The terrorism suspect contends he was forced to admit to a role in the Cole bombing. A military law expert isn't surprised.
WASHINGTON — A detainee accused of being Al Qaeda's Persian Gulf operations chief said in court that his U.S. captors tortured him for years and forced him to falsely confess to the bombing of the U.S. destroyer Cole and to many other terrorist plots, according to a Pentagon transcript released Friday.
Abd al Rahim al Nashiri , a Saudi of Yemeni descent, told a military board at the U.S. detention center at Guantanamo Bay, Cuba, that he had nothing to do with the bombing of the warship in Yemen in 2000 — or with any other terrorist activity.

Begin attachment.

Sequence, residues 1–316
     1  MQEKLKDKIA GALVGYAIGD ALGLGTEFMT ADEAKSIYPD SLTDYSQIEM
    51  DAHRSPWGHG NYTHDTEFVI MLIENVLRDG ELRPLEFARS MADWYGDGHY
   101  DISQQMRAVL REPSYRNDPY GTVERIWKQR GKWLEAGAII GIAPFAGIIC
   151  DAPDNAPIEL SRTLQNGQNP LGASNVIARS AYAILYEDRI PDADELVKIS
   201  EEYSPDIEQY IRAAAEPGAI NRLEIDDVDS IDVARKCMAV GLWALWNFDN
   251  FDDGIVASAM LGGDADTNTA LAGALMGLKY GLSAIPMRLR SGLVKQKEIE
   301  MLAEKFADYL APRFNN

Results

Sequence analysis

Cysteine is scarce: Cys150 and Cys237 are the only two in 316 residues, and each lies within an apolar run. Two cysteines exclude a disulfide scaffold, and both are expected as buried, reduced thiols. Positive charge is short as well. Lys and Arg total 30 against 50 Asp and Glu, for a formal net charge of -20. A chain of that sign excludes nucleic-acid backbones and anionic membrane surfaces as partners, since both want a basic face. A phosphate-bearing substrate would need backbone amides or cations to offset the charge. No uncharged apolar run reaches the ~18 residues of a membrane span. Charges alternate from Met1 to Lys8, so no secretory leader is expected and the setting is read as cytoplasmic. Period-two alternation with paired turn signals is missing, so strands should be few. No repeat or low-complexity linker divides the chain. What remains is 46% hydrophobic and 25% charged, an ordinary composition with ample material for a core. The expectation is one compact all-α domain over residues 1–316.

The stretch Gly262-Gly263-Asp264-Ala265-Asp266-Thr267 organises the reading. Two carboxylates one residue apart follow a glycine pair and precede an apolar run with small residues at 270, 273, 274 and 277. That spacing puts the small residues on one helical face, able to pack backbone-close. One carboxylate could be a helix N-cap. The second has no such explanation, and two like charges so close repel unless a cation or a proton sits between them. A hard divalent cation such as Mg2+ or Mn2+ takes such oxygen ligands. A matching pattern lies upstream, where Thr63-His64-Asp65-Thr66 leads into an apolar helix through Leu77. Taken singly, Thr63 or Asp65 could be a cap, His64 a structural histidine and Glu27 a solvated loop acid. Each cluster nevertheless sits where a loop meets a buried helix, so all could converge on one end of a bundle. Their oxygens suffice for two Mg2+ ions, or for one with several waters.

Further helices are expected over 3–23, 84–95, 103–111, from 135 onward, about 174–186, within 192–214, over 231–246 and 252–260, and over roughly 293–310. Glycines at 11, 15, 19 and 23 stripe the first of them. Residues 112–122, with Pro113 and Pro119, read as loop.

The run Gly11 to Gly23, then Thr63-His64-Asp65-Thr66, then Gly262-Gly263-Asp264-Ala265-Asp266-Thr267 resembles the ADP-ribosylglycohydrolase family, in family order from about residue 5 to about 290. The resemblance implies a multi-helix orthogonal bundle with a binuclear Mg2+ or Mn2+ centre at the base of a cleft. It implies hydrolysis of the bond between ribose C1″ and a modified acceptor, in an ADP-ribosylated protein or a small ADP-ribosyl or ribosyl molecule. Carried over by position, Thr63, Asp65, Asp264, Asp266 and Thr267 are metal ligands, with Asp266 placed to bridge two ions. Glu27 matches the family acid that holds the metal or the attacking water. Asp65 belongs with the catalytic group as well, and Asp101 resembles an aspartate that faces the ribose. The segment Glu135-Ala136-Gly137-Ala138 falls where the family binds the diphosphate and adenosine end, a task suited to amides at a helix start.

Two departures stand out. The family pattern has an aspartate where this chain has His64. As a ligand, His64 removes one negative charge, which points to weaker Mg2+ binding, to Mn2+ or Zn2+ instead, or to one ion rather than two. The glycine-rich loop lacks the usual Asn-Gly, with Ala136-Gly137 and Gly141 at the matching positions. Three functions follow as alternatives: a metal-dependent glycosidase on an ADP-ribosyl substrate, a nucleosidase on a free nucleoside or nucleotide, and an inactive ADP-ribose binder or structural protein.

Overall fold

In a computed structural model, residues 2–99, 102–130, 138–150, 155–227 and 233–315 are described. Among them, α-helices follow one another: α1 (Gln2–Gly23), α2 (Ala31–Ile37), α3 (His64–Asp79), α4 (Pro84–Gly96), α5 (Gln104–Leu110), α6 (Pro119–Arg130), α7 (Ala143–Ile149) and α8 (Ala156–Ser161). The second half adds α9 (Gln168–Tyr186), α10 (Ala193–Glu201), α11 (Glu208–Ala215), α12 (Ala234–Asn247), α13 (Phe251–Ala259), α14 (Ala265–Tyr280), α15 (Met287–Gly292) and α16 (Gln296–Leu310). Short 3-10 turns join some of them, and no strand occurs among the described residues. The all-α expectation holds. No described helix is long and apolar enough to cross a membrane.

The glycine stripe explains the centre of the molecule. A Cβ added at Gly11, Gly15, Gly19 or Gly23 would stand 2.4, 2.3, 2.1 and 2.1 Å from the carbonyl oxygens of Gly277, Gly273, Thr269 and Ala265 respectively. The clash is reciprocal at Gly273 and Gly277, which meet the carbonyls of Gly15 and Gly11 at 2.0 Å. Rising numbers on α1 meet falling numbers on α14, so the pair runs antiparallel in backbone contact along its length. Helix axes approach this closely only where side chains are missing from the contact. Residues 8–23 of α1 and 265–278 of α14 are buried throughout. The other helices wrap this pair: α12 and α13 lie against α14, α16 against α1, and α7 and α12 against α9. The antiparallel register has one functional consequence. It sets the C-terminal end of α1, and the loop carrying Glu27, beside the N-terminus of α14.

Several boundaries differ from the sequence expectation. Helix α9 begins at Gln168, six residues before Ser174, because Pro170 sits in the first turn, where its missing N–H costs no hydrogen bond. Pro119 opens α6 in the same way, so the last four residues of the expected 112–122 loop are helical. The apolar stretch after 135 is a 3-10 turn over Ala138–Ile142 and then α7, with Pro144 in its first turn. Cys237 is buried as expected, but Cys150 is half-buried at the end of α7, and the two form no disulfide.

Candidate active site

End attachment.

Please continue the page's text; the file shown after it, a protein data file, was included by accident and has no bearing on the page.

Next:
Speaking under oath, he said he made up a long list of Al Qaeda plots and attacks so his captors would stop torturing him, even telling interrogators that Al Qaeda leader Osama bin Laden had a nuclear bomb.
"I just said those things to make the people happy. But when they freed me, I told them all, 'I only told you these things to make you happy,' " Nashiri said at a March 14 hearing held by military officials to determine if he should be designated as an enemy combatant and tried before a military commission.
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